Natural gas and economic fairness
As mayor of Vermont’s largest municipality outside Chittenden County, there are many points I’ve considered when evaluating the Addison Natural Gas Project. While it proceeds through a comprehensive review by regulators, here are some key considerations from Rutland City’s point of view.
Extending safe, clean natural gas to Addison and Rutland counties will cut fuel bills in half for residents and local employers.
That’s an enormous savings — $720 million over 20 years — for residents and employers. This savings is also a powerful tool for retaining and recruiting Vermont jobs. In recent discussions with site selection firms used by large employers, Rutland’s economic development officials have confirmed that natural gas would make our counties much more competitive.
Additionally, as a state, we should ask an important question: Does this project promote economic fairness?
Disproportionate economic opportunity, whether from town to town, or county to county, is a disparity that no progressive state should tolerate.
For nearly 50 years, Franklin and Chittenden counties have benefited from natural gas — where nearly 50,000 customers (about 90 percent of those eligible) choose the more affordable, cleaner and safer option. Delivered safely through Vermont Gas’ state-of-the-art underground pipes, the advantages of natural gas fueling local economies are plainly visible as you drive along Route 7, or in the classified ads and real estate listings in regional newspapers in northwestern Vermont.
As a matter of economic fairness, Vermont should embrace the opportunity to extend these benefits to more of our state. Those who can afford, financially, to pass up this opportunity — or finance the opposition — should not deny others opportunities to ensure a more economically secure quality of life.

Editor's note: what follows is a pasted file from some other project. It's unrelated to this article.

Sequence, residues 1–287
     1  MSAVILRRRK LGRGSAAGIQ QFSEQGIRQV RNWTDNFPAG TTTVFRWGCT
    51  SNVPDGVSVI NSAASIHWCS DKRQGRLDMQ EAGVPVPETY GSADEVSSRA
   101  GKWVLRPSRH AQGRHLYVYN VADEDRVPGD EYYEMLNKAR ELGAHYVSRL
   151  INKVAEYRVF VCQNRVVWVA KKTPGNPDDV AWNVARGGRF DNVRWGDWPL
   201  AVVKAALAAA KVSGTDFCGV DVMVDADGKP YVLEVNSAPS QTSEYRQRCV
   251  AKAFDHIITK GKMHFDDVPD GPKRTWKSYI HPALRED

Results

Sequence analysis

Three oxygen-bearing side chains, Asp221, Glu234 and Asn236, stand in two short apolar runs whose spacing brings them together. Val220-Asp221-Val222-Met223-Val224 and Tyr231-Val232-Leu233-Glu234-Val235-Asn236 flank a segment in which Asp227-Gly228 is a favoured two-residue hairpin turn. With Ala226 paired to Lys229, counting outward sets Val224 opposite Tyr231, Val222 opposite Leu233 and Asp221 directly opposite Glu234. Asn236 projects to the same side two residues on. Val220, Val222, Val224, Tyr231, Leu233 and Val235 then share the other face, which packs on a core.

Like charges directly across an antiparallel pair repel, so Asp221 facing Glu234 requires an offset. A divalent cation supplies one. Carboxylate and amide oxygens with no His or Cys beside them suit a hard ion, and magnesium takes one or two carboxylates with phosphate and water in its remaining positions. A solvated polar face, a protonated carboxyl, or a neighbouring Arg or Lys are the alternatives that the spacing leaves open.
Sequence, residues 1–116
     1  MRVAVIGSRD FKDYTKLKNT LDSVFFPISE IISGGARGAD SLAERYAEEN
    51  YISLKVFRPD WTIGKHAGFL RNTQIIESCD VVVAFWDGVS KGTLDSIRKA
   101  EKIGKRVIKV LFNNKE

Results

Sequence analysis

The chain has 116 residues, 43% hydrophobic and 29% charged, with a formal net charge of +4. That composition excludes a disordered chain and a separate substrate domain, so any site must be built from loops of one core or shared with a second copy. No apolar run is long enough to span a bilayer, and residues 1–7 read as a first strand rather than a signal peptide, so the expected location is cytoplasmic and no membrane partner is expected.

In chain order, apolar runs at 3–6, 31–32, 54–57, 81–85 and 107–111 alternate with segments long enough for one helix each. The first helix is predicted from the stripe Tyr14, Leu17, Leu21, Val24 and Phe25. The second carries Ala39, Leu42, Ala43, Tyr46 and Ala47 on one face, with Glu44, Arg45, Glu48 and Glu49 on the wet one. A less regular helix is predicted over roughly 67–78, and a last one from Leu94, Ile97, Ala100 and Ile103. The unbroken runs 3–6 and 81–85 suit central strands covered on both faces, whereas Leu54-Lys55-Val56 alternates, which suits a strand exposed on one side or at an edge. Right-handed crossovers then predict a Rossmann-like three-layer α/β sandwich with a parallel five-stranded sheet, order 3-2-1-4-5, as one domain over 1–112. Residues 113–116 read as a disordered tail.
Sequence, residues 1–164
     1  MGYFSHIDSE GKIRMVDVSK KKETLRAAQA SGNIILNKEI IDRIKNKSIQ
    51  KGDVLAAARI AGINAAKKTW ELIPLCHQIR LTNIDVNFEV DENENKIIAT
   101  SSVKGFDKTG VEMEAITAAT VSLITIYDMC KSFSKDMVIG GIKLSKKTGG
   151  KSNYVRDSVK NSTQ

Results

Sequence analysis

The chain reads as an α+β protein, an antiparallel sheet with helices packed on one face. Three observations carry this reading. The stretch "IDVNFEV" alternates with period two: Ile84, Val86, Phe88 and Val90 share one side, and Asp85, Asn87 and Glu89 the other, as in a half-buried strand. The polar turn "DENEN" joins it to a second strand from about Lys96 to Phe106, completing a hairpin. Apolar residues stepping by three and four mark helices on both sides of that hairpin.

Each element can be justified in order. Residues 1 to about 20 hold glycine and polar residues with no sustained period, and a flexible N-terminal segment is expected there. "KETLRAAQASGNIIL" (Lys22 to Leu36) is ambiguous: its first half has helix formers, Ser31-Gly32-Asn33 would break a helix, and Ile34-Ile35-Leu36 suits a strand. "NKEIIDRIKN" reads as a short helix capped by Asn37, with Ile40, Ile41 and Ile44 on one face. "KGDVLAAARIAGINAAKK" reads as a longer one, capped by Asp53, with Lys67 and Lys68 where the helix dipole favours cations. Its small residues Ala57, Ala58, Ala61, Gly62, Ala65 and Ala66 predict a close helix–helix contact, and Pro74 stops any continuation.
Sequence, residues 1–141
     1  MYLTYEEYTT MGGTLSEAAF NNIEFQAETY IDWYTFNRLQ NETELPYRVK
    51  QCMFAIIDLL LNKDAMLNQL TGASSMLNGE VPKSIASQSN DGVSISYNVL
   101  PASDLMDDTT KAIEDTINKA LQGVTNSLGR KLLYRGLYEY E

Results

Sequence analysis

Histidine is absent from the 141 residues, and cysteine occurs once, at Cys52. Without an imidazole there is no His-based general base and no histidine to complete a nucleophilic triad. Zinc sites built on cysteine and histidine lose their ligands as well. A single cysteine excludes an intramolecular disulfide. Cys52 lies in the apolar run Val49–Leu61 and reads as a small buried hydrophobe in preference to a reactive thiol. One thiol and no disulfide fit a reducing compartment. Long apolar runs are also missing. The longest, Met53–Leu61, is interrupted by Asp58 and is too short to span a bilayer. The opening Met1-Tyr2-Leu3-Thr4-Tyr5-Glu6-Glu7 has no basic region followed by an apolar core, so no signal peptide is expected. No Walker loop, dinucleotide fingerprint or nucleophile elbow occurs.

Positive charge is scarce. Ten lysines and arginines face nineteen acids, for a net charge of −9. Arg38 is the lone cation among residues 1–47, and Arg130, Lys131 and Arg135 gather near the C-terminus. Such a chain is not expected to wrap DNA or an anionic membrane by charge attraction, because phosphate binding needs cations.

More and more Vermonters are finding it difficult to make ends meet. Forgoing the opportunity to invest in critical infrastructure that can revitalize local economies, and generate resources necessary to address our human service needs — drug addiction and crime, homelessness and domestic violence, among others — would be socially irresponsible.
Converting to cleaner, more affordable natural gas has the added benefit of reducing each customer’s greenhouse gas emissions from heating by about 25 percent. There is no other heating fuel that offers the dual economic and environmental advantages of natural gas.
It is important to understand that extending service to International Paper (IP) is critical part of this project. Without IP as a customer it is not financially feasible to extend natural gas to communities south of Middlebury, and ultimately to Rutland, in any reasonable period of time. Moreover, IP is an important regional economic driver. They purchase 20 percent of their raw material from Vermont and help Vermont maintain healthy, managed and undeveloped forests.
We have an opportunity to provide IP — at great economic and environmental benefit to Vermont — a fuel that reduces their greenhouse gases by about one-third and dramatically cuts emissions from their stacks.
Opposing natural gas service to IP is to deny Vermont, and Rutland, the opportunity to maximize the economic and environmental advantages of this project. And it would result in IP’s continued use of dirty oil.
It is equally important to note that this project is not a choice between natural gas and renewable energy. We need both to build a cleaner, safer and more sustainable energy future.
Rutland believes strongly in renewables — we will be the solar capital of Vermont and New England — and renewable energy is a central part of our planning. As a cleaner, safer and more affordable fuel, natural gas complements renewable energy and will play an important role in transitioning to more renewables.
Evaluating projects based on economic, social and environmental advantages is the Vermont way. There are many good reasons to extend the economic and environmental advantages of natural gas beyond Chittenden and Franklin counties. Supporting this project is the right thing to do.
Christopher C. Louras is mayor of Rutland.